Church Abandons Tenderloin Mission

Source: San Francisco Chronicle
Date: November 2, 2001

Talk about mistiming the real estate market.

Only weeks after opening an Ikea-furnished, dot-commy new branch in San Francisco's South of Market area just as the neighborhood once again goes to seed, the Church of Scientology has quietly placed its downtown headquarters up for sale amid a devastating slump in property prices.

"Well, Scientologists tend to be optimists," said church spokesman Jeff Quiros. "We believe that you make your own life."

Be that as it may, you have to wonder about their business savvy, at least as far as real estate goes. The new SoMa branch, or "mission" in church parlance, is a fine case in point.

It came about as a result of actress (and Scientologist) Jenna Elfman taking an interest in emulating actress-Scientologist pal Kirstie Alley, who led the way in opening a mission in her hometown of Wichita, Kan.

Elfman, who lives in Los Angeles but whose TV show, "Dharma and Greg," is set in San Francisco, began shopping around more than a year ago for a suitable location in the city. She eventually settled on a vacant site nestled between a couple of garment factories at 966 Mission St., near Sixth.

Scientologists-in-the-know tell me that Elfman specifically wanted to create a space that would reflect the young and fresh energy of the area, which she apparently thought remained a mecca for young and fresh dot-com entrepreneurs.

She couldn't have been more wrong. Yet even as the dot-coms imploded, Elfman pushed ahead with efforts to lease the 7,300-square-foot Mission Street property and appoint it with snazzy furniture and a tech-industrial sensibility. A children's center and activity room were built downstairs, complete with a ballet bar along full-length mirrors (Elfman is herself a dancer).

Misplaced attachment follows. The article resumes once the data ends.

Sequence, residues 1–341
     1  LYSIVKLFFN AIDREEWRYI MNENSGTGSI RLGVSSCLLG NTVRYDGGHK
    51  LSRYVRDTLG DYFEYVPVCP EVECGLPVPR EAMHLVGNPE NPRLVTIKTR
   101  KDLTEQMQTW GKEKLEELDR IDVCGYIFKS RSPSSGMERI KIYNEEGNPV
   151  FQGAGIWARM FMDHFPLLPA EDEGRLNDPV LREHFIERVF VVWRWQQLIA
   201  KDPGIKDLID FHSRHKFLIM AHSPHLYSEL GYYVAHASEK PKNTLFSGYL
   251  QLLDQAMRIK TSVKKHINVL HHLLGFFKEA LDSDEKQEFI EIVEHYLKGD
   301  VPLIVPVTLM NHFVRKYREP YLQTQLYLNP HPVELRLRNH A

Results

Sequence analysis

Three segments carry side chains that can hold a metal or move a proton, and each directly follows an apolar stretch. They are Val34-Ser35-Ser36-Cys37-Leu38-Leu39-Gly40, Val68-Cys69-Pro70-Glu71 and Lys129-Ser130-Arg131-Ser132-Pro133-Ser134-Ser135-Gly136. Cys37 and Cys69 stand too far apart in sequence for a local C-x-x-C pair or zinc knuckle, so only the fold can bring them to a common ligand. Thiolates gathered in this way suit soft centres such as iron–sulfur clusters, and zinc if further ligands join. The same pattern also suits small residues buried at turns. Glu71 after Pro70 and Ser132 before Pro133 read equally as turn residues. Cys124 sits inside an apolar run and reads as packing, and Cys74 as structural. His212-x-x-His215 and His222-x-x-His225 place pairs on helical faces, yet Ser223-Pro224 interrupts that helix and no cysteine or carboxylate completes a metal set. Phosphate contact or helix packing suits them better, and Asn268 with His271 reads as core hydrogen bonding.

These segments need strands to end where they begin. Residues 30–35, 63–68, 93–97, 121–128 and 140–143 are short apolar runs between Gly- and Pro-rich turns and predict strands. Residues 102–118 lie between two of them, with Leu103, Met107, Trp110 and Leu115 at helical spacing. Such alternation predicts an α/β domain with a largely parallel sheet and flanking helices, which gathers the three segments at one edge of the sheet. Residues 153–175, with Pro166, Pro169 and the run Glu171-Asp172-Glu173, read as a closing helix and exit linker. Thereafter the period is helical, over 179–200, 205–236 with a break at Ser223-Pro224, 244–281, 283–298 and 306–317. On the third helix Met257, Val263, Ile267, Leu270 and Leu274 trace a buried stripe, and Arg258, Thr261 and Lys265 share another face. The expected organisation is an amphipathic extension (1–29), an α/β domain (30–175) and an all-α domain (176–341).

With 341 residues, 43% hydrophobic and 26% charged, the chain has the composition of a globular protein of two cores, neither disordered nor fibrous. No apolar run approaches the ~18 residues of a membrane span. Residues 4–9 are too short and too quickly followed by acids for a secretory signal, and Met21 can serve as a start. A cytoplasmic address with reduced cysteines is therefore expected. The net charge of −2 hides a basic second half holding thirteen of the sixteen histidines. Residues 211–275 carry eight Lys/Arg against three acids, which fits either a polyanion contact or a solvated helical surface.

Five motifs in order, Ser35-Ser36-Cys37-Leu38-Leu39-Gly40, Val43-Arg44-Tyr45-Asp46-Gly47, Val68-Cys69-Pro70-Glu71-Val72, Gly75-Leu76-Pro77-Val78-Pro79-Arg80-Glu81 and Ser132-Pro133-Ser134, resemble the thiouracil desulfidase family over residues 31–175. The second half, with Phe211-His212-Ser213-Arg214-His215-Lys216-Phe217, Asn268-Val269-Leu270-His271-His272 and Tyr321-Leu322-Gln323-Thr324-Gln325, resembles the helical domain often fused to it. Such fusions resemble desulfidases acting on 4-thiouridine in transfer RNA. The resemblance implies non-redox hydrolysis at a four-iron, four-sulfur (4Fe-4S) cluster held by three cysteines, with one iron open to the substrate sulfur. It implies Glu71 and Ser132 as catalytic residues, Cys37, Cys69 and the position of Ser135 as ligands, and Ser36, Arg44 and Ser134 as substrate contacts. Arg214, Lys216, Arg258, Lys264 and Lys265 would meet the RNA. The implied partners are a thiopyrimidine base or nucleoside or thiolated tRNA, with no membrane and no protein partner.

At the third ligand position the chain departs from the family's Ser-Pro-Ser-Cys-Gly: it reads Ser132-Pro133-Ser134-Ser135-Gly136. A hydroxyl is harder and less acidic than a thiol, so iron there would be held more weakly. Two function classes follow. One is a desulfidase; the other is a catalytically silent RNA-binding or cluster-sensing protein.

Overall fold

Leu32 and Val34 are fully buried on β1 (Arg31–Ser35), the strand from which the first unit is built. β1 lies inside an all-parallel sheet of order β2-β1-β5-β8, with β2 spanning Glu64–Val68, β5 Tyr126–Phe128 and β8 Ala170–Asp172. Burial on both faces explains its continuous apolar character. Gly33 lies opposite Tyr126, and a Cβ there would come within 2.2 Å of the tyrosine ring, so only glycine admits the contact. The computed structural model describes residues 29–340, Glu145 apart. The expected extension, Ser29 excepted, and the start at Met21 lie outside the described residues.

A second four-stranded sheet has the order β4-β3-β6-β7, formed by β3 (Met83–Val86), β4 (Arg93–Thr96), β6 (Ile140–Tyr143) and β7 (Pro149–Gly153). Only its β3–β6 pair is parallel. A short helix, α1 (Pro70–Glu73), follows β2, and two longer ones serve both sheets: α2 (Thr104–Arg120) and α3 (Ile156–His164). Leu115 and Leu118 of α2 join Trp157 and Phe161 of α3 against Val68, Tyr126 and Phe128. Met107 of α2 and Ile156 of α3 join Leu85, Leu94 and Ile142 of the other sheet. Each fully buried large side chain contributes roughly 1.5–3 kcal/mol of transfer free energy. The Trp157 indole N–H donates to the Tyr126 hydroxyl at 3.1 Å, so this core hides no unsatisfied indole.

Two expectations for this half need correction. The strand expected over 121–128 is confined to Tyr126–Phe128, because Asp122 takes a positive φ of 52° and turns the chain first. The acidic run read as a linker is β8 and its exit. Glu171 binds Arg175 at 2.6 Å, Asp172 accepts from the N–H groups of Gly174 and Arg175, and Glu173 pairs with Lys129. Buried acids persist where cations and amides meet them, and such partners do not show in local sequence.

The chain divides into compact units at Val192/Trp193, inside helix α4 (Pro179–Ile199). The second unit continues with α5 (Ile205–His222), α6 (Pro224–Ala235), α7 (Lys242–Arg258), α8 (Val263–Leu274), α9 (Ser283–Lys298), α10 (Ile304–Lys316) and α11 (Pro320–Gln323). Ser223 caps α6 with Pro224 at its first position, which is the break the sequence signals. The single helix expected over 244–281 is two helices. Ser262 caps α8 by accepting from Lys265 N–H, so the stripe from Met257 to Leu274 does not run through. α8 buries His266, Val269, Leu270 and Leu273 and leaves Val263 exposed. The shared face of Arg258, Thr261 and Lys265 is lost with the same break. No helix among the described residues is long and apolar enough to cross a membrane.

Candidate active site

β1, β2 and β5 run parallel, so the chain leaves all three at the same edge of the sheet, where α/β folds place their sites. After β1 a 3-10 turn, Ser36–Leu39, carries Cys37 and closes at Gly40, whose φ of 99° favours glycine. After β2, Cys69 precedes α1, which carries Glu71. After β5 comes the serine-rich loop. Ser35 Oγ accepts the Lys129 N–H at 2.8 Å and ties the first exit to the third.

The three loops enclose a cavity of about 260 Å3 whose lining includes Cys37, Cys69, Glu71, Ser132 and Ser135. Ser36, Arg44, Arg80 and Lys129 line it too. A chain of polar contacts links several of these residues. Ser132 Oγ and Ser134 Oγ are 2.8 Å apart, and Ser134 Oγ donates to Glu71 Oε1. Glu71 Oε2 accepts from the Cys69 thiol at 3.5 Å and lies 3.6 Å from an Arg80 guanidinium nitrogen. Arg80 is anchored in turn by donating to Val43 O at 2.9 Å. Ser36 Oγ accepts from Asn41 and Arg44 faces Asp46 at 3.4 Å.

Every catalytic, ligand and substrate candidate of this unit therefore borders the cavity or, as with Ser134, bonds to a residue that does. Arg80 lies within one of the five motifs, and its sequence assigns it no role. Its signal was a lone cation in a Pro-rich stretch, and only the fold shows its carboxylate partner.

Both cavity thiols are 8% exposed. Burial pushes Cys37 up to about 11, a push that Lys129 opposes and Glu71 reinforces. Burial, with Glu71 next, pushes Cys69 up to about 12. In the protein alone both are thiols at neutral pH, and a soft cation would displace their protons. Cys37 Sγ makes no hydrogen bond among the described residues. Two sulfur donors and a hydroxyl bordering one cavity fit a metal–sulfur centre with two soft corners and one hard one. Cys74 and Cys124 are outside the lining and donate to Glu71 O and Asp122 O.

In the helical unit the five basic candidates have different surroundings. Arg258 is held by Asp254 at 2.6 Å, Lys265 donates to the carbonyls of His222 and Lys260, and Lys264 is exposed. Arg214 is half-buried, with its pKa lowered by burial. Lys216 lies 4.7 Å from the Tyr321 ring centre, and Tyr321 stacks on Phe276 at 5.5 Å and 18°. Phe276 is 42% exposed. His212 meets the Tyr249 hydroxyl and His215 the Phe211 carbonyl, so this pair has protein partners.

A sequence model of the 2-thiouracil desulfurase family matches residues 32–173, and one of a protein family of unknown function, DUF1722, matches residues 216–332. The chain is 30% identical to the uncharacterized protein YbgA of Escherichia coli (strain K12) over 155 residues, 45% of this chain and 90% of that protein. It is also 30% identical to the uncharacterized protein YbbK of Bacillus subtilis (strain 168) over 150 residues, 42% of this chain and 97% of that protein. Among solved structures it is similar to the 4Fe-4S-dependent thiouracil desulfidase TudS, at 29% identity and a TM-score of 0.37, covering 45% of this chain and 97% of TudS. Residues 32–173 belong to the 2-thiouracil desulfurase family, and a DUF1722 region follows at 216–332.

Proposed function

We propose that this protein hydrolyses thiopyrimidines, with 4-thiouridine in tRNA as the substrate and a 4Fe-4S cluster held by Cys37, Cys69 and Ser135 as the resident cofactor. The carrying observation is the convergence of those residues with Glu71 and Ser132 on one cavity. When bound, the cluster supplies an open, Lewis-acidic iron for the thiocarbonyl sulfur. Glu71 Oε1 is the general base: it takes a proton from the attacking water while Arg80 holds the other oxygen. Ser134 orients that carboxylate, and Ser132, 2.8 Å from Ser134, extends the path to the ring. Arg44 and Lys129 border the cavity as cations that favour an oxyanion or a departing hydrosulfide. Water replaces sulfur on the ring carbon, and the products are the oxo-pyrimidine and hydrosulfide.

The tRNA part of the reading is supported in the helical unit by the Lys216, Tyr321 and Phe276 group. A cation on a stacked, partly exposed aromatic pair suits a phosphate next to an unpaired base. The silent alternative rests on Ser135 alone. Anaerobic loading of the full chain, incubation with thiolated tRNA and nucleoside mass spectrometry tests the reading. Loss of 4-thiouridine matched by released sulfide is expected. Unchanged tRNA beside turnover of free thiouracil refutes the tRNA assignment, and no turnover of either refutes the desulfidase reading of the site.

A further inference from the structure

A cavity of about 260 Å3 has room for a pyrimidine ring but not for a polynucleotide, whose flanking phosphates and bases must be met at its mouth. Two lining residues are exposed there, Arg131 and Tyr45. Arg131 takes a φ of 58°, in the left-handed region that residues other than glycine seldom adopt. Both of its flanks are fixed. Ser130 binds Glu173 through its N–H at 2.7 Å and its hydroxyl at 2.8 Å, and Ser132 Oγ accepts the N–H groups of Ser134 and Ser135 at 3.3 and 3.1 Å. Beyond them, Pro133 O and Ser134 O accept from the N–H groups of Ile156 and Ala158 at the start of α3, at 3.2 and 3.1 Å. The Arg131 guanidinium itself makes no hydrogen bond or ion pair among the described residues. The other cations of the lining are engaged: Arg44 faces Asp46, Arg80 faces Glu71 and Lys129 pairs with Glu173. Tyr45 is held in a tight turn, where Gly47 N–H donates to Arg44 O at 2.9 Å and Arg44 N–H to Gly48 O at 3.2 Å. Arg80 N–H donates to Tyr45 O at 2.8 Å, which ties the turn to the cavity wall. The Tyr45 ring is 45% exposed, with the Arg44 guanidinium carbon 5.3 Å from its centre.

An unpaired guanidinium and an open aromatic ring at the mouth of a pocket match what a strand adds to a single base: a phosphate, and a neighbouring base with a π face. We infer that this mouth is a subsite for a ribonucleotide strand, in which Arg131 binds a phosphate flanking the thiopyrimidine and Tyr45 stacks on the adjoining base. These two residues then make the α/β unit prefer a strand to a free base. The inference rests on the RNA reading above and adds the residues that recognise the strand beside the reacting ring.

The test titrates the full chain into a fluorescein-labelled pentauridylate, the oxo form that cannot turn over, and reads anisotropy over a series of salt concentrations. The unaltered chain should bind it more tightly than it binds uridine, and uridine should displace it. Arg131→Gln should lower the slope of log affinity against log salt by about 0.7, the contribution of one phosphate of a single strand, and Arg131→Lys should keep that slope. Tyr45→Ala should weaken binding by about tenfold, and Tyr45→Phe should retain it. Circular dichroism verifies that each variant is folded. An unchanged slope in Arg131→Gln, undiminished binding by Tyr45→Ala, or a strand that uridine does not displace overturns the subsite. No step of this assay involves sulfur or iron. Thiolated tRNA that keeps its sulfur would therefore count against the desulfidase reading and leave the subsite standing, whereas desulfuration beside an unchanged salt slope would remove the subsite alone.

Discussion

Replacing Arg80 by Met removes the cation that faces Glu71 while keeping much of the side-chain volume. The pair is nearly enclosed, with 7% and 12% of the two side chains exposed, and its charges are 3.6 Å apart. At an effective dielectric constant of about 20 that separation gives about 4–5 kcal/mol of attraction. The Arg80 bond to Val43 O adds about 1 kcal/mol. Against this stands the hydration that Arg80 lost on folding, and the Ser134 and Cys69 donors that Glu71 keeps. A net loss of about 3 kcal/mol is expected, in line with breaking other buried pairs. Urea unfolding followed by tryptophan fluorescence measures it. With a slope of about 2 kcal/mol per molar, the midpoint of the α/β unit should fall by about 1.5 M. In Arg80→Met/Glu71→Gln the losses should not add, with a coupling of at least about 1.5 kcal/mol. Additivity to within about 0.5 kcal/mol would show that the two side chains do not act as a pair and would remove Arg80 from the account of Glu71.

The only problem: No one ever visits, at least not that I can see. The neighborhood, as those who actually live here know, is not the sort of place that people naturally associate with spiritual growth.

Besides, if a Scientologist wants to brave a halfway rough neighborhood, the church's Bay Area headquarters is just a couple of blocks away at Seventh and McAllister, and the people there are a whole lot more approachable than their wary colleagues at the SoMa facility.

On the other hand, they already know at the headquarters what the SoMa crew has yet to grasp: Scientology, whatever else it may be, is not a popular pursuit among the lower classes. It's no coincidence that this is the sort of be-your-own-man belief that attracts the likes of John Travolta and Tom Cruise.

The Tenderloin headquarters building is thus up for sale, and the church is shopping around for more spacious, affluent digs in the Financial District.

Insiders say they hope to vacate the premises by the beginning of next year. That is, if sufficient funds can be raised for a ritzier home. No one thinks the current HQ will sell in a timely fashion.

"We bought that building back in 1978," Quiros said. "We always believed that we could make it in any neighborhood."

It took the church headquarters more than two decades to learn this isn't true. Anyone want to bet that the SoMa mission lasts nowhere near as long?